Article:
Thalassisobates littoralis, Seil Island, Scotland. Photograph copyright Tony Barber
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Myriapods of the sea shore

As with other terrestrial arthropod groups such as spiders, scorpions, pseudoscorpions and insects, a variety of species from the four multi-legged arthropod classes (Pauropoda, Symphyla, Diplopoda and Chilopoda) collectively known as myriapods have been described from seashore sites at different times. However confusion can occur over both the definition of “littoral” and of the halophilic or otherwise status of particular examples. A term such as “littoral Mediterranean” might refer to shoreline species or to species found in ecosystems along the coast and maybe up to a considerable distance/height above it. Here we use the term to cover species found around high-water mark and below, maybe even down to mid-tide level.

Scientific name
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Hydroschendyla submarina, Wembury, Devon, UK Stigmatogaster subterranea, River Lynher, Cornwall Stigamia maritima male, Loch Linnhe, Scotland Strigamia maritima, River Lynher, Cornwall Thalassisobates littoralis, Seil Island, Scotland

It is often difficult to be clear about the precise status of a species on the shore is as to whether myriapods found in or close to the littoral zone are obligate halophiles, species that are typically terrestrial but also occur on the shore or just chance occurrences. Filippo Silvestri (1903) referred to myriapodi halofili genuini i.e. confined to such habitats (obligate halophiles), myriapodi halofili indifferenti i.e. occurring in both terrestrial and littoral habitats (facultative halophiles) or myriapodi halofili accidentali i.e. chance occurrences (accidental halophiles). Such a situation may well be true of all “terrestrial” groups in which some species have invaded the littoral zone. The geophilomorph centipede Hydroschendyla submarina, for instance, has only ever recorded from seashores in northern Europe, the Mediterranean and Bermuda and is clearly genuini whilst the widespread Pachymerium ferrugineum is clearly indifferenti in much of its range. The situation is made more complex by species such as Schendyla peyerimhoffi which appear to be genuini in one country but occur inland in another. In many cases, where species are described from a single littoral site clarity of status is impossible to clarify and these lists may include some species which may later be considered accidentali.

Myriapods have been found in a diversity of sites on the upper shore and around high tide level including under/in strand-line debris, in shingle, under stones on mud and, possibly the most difficult to sample, in rock crevices. Thalassisobates littoralis has been found in pitfall and shingle traps and other species have been extracted from debris using Tulgren (Berlese) funnels.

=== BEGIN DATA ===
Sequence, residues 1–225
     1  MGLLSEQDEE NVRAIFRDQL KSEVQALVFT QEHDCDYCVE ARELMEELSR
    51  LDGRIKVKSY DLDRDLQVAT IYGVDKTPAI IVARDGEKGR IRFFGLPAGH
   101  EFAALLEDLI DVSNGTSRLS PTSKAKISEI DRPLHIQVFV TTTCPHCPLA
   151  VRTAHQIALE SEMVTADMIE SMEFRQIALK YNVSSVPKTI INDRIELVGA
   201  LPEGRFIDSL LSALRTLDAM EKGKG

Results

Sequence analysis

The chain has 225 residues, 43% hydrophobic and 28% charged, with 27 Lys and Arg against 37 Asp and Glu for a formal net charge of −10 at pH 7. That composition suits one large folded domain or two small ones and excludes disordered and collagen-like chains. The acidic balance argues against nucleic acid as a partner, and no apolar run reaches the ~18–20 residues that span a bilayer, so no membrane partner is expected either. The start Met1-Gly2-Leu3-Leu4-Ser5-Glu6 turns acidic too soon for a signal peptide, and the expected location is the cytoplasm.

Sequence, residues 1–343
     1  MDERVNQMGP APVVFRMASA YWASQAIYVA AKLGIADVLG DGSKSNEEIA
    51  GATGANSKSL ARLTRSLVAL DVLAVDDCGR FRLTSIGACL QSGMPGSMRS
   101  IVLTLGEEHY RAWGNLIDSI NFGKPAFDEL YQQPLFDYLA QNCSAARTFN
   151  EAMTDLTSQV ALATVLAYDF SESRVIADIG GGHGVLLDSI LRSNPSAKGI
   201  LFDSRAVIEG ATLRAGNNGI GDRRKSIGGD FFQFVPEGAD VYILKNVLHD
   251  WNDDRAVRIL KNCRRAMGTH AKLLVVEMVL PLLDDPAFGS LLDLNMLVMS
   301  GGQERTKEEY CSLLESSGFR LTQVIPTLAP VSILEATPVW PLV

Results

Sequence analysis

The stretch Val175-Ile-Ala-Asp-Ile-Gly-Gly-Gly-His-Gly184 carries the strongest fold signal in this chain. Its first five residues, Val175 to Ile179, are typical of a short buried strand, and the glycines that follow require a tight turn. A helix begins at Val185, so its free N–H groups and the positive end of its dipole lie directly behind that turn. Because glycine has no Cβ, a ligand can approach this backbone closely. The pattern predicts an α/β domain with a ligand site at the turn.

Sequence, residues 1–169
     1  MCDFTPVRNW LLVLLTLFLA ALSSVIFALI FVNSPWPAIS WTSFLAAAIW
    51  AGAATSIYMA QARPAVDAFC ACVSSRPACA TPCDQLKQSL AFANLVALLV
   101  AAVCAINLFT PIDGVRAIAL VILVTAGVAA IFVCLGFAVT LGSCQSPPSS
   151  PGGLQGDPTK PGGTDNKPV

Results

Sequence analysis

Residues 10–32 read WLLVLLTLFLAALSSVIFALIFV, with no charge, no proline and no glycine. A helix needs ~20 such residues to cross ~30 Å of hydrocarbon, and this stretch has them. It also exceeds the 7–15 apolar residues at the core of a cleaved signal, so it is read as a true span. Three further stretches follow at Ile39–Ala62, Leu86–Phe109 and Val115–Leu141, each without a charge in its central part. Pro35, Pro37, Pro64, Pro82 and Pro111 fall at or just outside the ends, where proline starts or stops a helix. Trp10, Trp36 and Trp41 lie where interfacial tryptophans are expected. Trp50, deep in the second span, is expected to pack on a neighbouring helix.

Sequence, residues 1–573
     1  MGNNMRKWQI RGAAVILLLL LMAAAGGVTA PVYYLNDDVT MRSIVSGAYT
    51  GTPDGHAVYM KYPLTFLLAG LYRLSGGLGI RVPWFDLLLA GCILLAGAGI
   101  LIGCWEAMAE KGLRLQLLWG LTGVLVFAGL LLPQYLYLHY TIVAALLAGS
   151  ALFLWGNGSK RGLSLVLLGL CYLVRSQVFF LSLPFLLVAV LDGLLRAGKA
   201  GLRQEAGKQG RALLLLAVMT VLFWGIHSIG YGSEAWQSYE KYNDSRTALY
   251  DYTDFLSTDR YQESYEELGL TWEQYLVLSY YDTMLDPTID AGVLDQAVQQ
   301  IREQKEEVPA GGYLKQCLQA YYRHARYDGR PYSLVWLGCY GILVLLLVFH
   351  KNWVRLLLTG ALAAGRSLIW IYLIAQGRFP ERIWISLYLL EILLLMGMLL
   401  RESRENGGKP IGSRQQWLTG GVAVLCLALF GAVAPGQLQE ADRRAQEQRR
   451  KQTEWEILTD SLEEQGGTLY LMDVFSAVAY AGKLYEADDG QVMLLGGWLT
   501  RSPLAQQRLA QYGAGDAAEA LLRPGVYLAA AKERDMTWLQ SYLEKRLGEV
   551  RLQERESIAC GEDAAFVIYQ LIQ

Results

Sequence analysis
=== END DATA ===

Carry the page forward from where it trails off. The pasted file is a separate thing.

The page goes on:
Historical background

Other than the comment about Scutigera coleoptrata by Pallas (1772) (see below), the first record of a halophilic myriapod seems to be that of Leach (1817), describing Strigamia maritima (as it is now known) as “Habitat in Britannia inter scopulos ad littoral maris vulgatissime”. Parfitt (1866) reported the rediscovery of the species at Plymouth, England; other early records are from Sweden, Helgoland, Norway, Denmark and Northern France (Hennings, 1903) and from Ireland (Pocock 1893). Grube (1872) described a second littoral species, Hydroschendyla submarina from St. Malo on the French Channel coast, Thompson (1889) reported this from Jersey and Pocock (1889) drew attention to the existence of specimens from Cornwall in the Natural History Museum, London that had been collected in 1868 but not recognised. The first Mediterranean record of this species seems to be that of Silvestri (1903) from Portici, Italy. At the same time, he also recorded the first halophilic diplopod, Thalassisobates littoralis, from the Italian Mediterranean and listed as halophiles the centipedes Pachymerium ferrugineum, Tuoba poseidonis and Henia bicarinata and the millipede Polyxenus lapidicola. By this time, Porat (1894) had described what appears to be the first non-European halophile centipede Tretecthus uliginosus from Cameroun. Subsequently more apparently littoral centipedes have been described so that there are now in excess of 40 listed but the number of littoral millipedes remains small (Barber, 2009).

R.S.Bagnall (1911, 1912, 1913) reported symphylids from British shores and later (Bagnall, 1935a, b) also pauropods whilst P.A.Remy (1954) added further pauropod species from the Mediterranean. Scheller & Stoev (2000) and Roth & Brown (in Cheng, 1976) named Symphyla from the Black Sea coast and California respectively.


Usage of data from the World Database of Littoral Myriapoda in scientific publications should be acknowledged by citing as follows:

  • Barber, A. D. (2024). World Database of littoral Myriapoda. Accessed at on 2024-06-20
If the data from the World Database of Littoral Myriapoda constitute a substantial proportion of the records used in analyses, the chief editor(s) of the database should be contacted. There may be additional data which may prove valuable to such analyses.

Individual pages are individually authored and dated. These can be cited separately: the proper citation is provided at the bottom of each page.


Requests for additional information on littoral myriapods of any of the four classes and/or specimens of seashore myriapods, especially millipedes and geophilomorph centipedes from all parts of the world with appropriate data are very much welcome.

Please contact:
Tony Barber,
Exeter Road,
Devon, PL21 0BD,

Website and databases developed and hosted by VLIZ · Page generated 2024-06-20 GMT · contact: Tony Barber